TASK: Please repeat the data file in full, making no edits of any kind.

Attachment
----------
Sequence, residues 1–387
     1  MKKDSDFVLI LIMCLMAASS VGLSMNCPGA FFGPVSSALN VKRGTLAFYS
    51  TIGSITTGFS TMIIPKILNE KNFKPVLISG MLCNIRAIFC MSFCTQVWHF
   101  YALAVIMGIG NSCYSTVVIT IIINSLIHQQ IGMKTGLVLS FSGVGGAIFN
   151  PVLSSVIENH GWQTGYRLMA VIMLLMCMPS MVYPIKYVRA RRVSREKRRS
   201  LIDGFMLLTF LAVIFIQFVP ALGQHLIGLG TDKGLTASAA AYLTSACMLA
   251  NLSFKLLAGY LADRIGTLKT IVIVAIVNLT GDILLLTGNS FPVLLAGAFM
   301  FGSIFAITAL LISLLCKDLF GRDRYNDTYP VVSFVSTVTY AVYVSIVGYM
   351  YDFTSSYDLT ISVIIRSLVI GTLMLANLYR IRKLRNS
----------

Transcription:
Sequence, residues 1–387
     1  MKKDSDFVLI LIMCLMAASS VGLSMNCPGA FFGPVSSALN VKRGTLAFYS
    51  TIGSITTGFS TMIIPKILNE KNFKPVLISG MLCNIRAIFC MSFCTQVWHF
   101  YALAVIMGIG NSCYSTVVIT IIINSLIHQQ IGMKTGLVLS FSGVGGAIFN
   151  PVLSSVIENH GWQTGYRLMA VIMLLMCMPS MVYPIKYVRA RRVSREKRRS
   201  LIDGFMLLTF LAVIFIQFVP ALGQHLIGLG TDKGLTASAA AYLTSACMLA
   251  NLSFKLLAGY LADRIGTLKT IVIVAIVNLT GDILLLTGNS FPVLLAGAFM
   301  FGSIFAITAL LISLLCKDLF GRDRYNDTYP VVSFVSTVTY AVYVSIVGYM
   351  YDFTSSYDLT ISVIIRSLVI GTLMLANLYR IRKLRNS